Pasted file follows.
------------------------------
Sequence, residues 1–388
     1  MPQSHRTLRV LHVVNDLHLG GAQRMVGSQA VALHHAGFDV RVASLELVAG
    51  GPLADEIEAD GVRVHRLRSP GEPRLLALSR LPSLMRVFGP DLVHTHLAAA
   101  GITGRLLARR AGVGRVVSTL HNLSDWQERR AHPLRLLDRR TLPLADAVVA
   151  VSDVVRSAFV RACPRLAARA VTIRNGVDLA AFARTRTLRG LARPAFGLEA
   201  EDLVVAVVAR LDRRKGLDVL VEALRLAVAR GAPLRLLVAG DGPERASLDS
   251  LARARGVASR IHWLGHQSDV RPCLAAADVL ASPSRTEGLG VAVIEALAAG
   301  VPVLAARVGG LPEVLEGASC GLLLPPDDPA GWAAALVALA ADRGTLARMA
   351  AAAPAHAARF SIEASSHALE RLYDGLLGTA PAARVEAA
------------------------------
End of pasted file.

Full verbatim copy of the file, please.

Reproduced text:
Sequence, residues 1–388
     1  MPQSHRTLRV LHVVNDLHLG GAQRMVGSQA VALHHAGFDV RVASLELVAG
    51  GPLADEIEAD GVRVHRLRSP GEPRLLALSR LPSLMRVFGP DLVHTHLAAA
   101  GITGRLLARR AGVGRVVSTL HNLSDWQERR AHPLRLLDRR TLPLADAVVA
   151  VSDVVRSAFV RACPRLAARA VTIRNGVDLA AFARTRTLRG LARPAFGLEA
   201  EDLVVAVVAR LDRRKGLDVL VEALRLAVAR GAPLRLLVAG DGPERASLDS
   251  LARARGVASR IHWLGHQSDV RPCLAAADVL ASPSRTEGLG VAVIEALAAG
   301  VPVLAARVGG LPEVLEGASC GLLLPPDDPA GWAAALVALA ADRGTLARMA
   351  AAAPAHAARF SIEASSHALE RLYDGLLGTA PAARVEAA